In the heart of Hanoi is Hoan Kiem Lake, and in the heart of the lake is Ngoc Son Temple. Surrounded by hanging trees and green waters, Ngoc Son Temple, also called the Temple of the Jade Mountain, combines artful beauty with ancient history and legend. It is the most popular temple in all of Hanoi, and a place you won’t want to miss.
Exploring the Temple
The original temple site dates all the way back to the 14th century, but the renovations of the current buildings are from 1864 by Nguyen Van Sieu, a Confucian intellectual. Most of his additions to the temple honor Confucian and Taoist scholars.
The entrance of the temple is the Three-Passage Gate, called Tam Quan. The first thing you’ll notice when you walk through the gate is Pen Tower, or Thap But. This tower is designed to look like a writing brush, and the characters down its side read “Ta Thanh Thien,” which means “To write on the blue sky.” Van Sieu had this built to celebrate the determination of righteous scholars.
As you go past the Pen Tower, you’ll come to another gate. Look up, and you’ll spot the The Ink-Slab, Dai Nghien. This is another symbol to honor Confucian literature.
Next up is the charming and iconic Huc Bridge. The bridge’s full name is the Welcoming Morning Sunlight Bridge. Bright red and often lined with flags, this bridge is a good vantage point to take some beautiful pictures, and maybe spot the legendary turtle of Hoan Kiem Lake.
Walk over the bridge, and head through the Moon Contemplation Pavilion, Dac Nguyet Lau. The symbols on this gate are prayers for protection.
Now you’ve reached the main temple! You can light a bit of incense and place it in the bronze brazier for the saints, then head inside. The first two altars are for Van Xuong, the guardian saint of literature, and Lac To, the protector of medicinal arts and patron of physicians.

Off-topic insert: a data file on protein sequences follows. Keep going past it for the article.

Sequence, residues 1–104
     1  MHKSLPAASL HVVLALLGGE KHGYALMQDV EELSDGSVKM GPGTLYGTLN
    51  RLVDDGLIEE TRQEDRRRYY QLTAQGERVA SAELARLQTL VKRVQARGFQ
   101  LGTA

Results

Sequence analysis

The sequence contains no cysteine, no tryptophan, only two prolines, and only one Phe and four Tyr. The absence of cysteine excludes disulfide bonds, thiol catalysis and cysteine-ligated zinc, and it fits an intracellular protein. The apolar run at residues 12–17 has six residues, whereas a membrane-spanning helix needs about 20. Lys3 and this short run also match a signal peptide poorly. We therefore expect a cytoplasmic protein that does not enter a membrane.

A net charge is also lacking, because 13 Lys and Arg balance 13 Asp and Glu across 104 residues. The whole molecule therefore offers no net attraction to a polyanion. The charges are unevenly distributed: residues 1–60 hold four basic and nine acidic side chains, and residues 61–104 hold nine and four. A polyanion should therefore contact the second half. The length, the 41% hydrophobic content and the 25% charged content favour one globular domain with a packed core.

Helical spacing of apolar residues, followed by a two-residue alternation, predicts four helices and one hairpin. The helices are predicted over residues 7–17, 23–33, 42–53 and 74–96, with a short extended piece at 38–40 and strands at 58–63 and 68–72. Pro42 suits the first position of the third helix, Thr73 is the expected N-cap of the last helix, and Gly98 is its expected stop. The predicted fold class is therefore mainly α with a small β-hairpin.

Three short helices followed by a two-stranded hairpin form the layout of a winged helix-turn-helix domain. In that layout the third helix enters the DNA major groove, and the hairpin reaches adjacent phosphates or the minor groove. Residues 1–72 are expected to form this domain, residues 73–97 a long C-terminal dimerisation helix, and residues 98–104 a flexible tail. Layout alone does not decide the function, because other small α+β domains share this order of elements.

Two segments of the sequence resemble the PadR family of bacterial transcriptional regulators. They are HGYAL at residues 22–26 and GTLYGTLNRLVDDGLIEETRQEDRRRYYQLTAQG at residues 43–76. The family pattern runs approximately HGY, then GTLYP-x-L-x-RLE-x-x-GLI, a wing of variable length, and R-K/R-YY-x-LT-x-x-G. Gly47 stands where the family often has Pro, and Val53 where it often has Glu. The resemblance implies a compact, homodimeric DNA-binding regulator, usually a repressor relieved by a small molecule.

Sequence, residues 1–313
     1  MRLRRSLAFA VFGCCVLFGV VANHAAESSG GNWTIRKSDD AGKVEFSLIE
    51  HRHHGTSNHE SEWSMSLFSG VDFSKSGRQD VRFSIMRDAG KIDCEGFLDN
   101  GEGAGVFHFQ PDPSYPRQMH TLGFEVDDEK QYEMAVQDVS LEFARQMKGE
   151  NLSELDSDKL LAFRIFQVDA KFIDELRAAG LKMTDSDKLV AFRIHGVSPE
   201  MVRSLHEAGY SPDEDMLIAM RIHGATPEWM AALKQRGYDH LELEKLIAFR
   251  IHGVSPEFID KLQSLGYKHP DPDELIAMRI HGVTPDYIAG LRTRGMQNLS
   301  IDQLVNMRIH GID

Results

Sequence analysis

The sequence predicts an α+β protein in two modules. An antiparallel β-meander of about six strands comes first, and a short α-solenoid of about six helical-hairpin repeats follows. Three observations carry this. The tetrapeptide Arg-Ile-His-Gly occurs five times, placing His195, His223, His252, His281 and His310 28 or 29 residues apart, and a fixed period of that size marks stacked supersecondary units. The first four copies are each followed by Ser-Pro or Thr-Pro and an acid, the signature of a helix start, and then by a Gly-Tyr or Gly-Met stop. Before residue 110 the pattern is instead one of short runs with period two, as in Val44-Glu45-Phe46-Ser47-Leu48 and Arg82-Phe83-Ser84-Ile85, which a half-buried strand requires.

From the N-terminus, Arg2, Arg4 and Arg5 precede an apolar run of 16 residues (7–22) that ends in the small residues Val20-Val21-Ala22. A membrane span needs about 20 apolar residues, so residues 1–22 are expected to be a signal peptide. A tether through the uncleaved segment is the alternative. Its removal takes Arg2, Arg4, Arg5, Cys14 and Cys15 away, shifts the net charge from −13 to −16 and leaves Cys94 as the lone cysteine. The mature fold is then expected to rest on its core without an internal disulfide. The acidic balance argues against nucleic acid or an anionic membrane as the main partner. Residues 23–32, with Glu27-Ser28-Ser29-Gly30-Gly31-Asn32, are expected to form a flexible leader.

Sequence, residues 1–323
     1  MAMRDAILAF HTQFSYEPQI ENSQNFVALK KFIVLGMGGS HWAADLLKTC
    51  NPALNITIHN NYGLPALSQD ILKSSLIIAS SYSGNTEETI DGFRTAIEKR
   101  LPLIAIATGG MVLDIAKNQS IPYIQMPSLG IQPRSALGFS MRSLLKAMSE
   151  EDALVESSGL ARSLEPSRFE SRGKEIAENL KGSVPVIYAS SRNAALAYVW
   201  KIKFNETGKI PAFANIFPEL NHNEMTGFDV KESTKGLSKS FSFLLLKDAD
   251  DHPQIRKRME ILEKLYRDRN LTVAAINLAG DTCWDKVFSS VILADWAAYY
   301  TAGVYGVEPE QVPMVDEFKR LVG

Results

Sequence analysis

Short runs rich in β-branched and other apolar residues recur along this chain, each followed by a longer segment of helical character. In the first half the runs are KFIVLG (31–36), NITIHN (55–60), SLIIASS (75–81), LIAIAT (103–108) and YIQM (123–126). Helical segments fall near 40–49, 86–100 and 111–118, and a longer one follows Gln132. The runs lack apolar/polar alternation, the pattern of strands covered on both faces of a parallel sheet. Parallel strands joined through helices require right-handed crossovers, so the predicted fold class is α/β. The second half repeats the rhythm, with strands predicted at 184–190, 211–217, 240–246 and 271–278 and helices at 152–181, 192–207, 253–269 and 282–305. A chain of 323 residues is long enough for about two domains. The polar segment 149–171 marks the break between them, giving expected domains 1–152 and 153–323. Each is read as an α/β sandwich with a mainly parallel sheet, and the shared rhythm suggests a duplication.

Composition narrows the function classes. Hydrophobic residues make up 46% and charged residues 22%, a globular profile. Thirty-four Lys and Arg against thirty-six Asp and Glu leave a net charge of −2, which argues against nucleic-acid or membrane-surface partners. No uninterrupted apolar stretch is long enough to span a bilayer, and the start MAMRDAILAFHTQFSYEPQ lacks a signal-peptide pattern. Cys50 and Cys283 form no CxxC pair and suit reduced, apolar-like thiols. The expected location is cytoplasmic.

The high altar is dedicated to Tran Hung Dao, the legendary general who protected Vietnam from an invading horde of 300,000 Mongol warriors in the 13th century. He’s one of the most famous heroes of Vietnam, for good reason!
You can also find a lake turtle on display in a glass case inside the temple. He weighed 250kg and is guessed to have been over 500 years old. Some even claim that he was the same turtle from the legend of the lake.
Take your time exploring and maybe relax in the Pavilion Against Waves, Tran Ba Dinh, where local Vietnamese often go to play a round of chess in the afternoon.
The Legend of Hoan Kiem Lake
Ngoc Son Temple isn’t the only part of the lake with a colorful past. The lake itself is also a thing of legend.
The Chinese Ming Dynasty had invaded and occupied Vietnam in 1407. According to the stories, a Vietnamese god known as the Dragon King decided to help his people. He lent his magical sword, named ‘The Will of Heaven,’ to a man called Le Loi, and in 1418 Le Loi led a revolt against the Ming Dynasty. For ten years Le Loi fought against the Chinese invaders, and slowly pushed them back.
In 1428 Le Loi was crowned the emperor of Vietnam because he had managed to reclaim independence for his country.
A year after he became emperor, Le Loi was riding in his dragon boat across a lake in front of his palace. Suddenly a monstrous turtle surfaced and called out to Le Loi. He told the emperor that he had come to take back the sword for the Dragon King. Le Loi realized that he had done his duty for the god and for his country and so he heaved the magical sword into the water. The turtle snatched it up in his huge jaws and took it to the bottom of the lake to return to the Dragon King.
Le Loi renamed the lake Hoan Kiem, the Lake of the Returned Sword, and he built Turtle Tower, Thap Rua, on an island in the middle of the lake to honor the turtle and his god.
If you are very lucky, you may spot the descendent of the legendary turtle. There is only one left in the lake, and it is considered a good omen if you happen to spot him.
Things to know before you go!
Ngoc Son Temple is open from 8am till 5pm. Give yourself one or two hours to fully explore the temple– longer if you want to walk around the lake! Tickets can be purchased at the booth just before you cross Huc Bridge, but are only necessary if you are going inside the main temple. They cost 3,000 dong (less than $1). It is usually less crowded if you go early in the day!
The temple is beautiful, and all the more memorable if you understand how much meaning, history, and purpose is etched into each and every piece.
Tags: Vietnam tours in Hanoi